Mommy Madness

Back in the days when I was a Good Mommy, I tried to do everything right. I breast-fed and co-slept, and responded to each and every cry with anxious alacrity. I awoke with my daughter at 6:30 a.m. and, eschewing TV, curled up on the couch with a stack of books that I could recite in my sleep. I did this, in fact, many times, jerking myself back awake as the clock rounded 6:45 and the words of Curious George started to merge with my dreams.

Was I crazy? No--I was a committed mother, eager to do right by my child and well versed in the child-care teachings of the day. I was proud of the fact that I could get in three hours of high-intensity parenting before I left for work; prouder still that, when I came home in the evening, I could count on at least three more. It didn't matter that, in my day job as a stringer for this magazine, I was often falling asleep at my desk. Nor that I'd lost the ability to write a coherent sentence. My brain might have been fried, but my baby's was thriving.

After all, all around me, the expert advice on baby care was unanimous: Read! Talk! Sing! And so I talked and I read and I sang and made up stories and did funny voices and narrated car rides... until one day, when my daughter was about 4, I realized that I had turned into a human television set, so filled with 24-hour children's programming that I had no thoughts left of my own.

And when I started listening to the sounds of the Mommy chatter all around me in the playgrounds and playgroups of Washington, D.C.--the shouts of "Good job!," the interventions and facilitations--I realized that I was hardly alone.

Once my daughters began school, I was surrounded, it seemed, by women who had surrendered their better selves--and their sanity--to motherhood. Women who pulled all-nighters hand-painting paper plates for a class party. Who obsessed over the most minute details of playground politics. Who--like myself--appeared to be sleep-walking through life in a state of quiet panic.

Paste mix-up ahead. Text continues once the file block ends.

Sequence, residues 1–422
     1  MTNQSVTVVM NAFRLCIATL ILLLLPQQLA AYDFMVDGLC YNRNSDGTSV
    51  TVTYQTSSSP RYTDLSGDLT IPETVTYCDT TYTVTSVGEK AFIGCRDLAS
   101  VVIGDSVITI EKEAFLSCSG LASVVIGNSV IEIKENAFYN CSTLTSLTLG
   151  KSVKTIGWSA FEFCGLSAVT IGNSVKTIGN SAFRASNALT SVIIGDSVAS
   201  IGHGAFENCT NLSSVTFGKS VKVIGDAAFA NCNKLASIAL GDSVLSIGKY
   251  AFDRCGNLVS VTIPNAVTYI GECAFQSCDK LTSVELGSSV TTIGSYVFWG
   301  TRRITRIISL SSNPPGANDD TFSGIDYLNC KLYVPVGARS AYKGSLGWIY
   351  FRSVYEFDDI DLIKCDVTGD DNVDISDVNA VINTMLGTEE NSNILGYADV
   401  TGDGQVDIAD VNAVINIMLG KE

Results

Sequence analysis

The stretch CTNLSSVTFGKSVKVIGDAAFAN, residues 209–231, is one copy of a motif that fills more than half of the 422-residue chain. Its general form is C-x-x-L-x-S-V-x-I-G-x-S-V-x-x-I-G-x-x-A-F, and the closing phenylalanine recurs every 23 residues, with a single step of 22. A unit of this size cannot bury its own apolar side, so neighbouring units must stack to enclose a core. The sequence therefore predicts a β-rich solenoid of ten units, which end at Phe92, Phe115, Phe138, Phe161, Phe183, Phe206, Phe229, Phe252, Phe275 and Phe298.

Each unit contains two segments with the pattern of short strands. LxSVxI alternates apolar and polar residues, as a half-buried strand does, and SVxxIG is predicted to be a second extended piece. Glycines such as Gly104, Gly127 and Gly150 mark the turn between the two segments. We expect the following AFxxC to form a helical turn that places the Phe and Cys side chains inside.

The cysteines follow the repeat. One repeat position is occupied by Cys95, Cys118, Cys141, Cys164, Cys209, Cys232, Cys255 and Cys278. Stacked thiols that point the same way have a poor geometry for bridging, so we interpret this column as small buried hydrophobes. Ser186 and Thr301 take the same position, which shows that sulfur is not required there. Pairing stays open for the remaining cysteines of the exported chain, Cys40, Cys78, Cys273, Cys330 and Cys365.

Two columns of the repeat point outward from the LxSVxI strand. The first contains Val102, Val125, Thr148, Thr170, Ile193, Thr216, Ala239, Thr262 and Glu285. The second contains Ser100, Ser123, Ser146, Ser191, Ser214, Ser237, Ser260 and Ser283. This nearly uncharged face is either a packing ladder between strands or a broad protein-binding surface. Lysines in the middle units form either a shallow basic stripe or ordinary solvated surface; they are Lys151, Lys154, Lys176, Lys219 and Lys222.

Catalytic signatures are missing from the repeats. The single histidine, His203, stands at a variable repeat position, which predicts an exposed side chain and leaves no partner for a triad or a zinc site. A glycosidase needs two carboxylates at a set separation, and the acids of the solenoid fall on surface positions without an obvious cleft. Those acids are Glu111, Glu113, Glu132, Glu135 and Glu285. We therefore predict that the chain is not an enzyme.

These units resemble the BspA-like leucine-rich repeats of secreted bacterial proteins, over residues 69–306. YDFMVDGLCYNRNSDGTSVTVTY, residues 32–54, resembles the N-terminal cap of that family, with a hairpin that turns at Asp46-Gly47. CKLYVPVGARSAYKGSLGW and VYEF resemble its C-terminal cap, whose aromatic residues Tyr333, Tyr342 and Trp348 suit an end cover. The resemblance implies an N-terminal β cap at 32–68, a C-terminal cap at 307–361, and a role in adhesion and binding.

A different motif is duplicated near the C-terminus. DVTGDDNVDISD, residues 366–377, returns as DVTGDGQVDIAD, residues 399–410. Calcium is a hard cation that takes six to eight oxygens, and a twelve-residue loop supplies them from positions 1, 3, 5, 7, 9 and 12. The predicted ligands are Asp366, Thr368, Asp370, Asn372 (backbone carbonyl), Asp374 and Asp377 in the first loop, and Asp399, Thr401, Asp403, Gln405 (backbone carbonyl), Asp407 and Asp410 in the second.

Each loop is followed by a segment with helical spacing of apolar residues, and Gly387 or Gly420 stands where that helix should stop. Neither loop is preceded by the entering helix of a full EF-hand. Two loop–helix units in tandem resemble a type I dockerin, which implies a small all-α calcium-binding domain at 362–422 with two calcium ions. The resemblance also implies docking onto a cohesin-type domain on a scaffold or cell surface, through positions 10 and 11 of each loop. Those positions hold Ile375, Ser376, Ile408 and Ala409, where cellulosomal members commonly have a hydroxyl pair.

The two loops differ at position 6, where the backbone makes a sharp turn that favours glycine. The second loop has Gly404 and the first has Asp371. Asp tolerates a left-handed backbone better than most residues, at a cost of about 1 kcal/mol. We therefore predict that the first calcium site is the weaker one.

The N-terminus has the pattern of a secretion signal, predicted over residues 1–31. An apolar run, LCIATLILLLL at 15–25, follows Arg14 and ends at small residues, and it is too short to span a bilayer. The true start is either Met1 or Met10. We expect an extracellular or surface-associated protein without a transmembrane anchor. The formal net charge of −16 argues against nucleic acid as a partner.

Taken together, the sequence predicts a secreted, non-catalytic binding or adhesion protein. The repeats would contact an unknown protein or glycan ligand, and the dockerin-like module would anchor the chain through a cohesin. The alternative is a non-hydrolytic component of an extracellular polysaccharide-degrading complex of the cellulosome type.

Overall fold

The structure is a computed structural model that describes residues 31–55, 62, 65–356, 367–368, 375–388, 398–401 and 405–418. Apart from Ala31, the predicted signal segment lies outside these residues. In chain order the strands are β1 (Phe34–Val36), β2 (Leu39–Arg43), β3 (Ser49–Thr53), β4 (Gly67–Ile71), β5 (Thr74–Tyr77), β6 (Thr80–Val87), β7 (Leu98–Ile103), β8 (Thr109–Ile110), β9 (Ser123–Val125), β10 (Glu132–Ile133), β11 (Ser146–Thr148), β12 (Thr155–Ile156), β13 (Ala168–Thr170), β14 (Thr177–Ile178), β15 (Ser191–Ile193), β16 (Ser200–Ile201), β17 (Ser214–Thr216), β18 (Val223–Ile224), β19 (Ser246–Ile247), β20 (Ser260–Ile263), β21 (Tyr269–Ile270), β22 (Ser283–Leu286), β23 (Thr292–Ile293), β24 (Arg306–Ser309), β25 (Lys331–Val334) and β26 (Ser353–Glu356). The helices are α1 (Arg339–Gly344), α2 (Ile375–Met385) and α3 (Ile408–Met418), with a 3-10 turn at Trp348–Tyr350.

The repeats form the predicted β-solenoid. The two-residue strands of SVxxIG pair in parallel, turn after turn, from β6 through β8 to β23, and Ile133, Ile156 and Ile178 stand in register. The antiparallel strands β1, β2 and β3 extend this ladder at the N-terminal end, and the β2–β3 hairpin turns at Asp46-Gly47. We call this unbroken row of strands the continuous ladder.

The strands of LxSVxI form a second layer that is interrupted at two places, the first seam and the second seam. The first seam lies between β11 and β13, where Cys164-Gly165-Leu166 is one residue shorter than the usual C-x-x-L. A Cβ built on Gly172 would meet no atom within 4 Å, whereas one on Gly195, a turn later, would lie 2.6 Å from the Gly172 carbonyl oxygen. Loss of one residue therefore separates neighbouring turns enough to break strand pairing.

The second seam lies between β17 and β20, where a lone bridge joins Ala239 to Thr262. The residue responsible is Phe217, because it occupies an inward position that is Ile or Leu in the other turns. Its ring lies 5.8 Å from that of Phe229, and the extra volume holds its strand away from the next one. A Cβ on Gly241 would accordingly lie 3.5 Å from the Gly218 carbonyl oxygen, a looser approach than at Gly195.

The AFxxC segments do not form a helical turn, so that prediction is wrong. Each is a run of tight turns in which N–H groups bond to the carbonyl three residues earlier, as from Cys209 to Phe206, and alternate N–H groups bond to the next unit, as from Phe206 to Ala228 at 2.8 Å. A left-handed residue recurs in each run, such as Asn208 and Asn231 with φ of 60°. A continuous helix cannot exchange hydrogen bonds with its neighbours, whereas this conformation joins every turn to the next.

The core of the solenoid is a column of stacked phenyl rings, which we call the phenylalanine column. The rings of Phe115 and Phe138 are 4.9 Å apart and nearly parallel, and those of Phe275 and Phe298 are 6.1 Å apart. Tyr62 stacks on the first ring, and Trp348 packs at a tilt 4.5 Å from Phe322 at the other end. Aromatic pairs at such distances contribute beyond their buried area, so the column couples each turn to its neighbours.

Some of the mothers appeared to have lost nearly all sense of themselves as adult women. They dressed in kids' clothes--overall shorts and go-anywhere sandals. They ate kids' foods. They were so depleted by the affection and care they lavished upon their small children that they had no energy left, not just for sex, but for feeling like a sexual being. "That part of my life is completely dead," a working mother of two told me. "I don't even miss it. It feels like it belongs to another life. Like I was another person."

It all reminded me a lot of Betty Friedan's 1963 classic, "The Feminine Mystique." The diffuse dissatisfaction. The angst, and the push to be perfect. The way so many women constantly looked over their shoulders to make sure that no one was outdoing them in the performance of Good Mommyhood. And the tendency--every bit as pronounced among my peers as it had been for the women Friedan interviewed--to blame themselves for their problems.

I read that 70 percent of American moms say they find motherhood today "incredibly stressful." Thirty percent of mothers of young children reportedly suffer from depression. Nine hundred and nine women in Texas recently told researchers they find taking care of their kids about as much fun as cleaning their house, slightly less pleasurable than cooking and a whole lot less enjoyable than watching TV.

And I wondered: Why do so many otherwise competent and self-aware women lose themselves when they become mothers? Why do so many of us feel so out of control? And why has this generation of mothers, arguably the most liberated and privileged group of women America has ever seen, driven themselves crazy in the quest for perfect mommydom?